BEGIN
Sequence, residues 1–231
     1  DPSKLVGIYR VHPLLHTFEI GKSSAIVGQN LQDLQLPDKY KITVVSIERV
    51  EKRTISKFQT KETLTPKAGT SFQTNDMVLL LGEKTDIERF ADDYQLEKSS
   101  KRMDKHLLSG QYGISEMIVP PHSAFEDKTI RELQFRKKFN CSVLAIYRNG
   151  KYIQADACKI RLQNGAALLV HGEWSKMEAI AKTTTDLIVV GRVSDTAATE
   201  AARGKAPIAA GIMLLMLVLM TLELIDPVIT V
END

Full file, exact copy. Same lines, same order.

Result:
Sequence, residues 1–231
     1  DPSKLVGIYR VHPLLHTFEI GKSSAIVGQN LQDLQLPDKY KITVVSIERV
    51  EKRTISKFQT KETLTPKAGT SFQTNDMVLL LGEKTDIERF ADDYQLEKSS
   101  KRMDKHLLSG QYGISEMIVP PHSAFEDKTI RELQFRKKFN CSVLAIYRNG
   151  KYIQADACKI RLQNGAALLV HGEWSKMEAI AKTTTDLIVV GRVSDTAATE
   201  AARGKAPIAA GIMLLMLVLM TLELIDPVIT V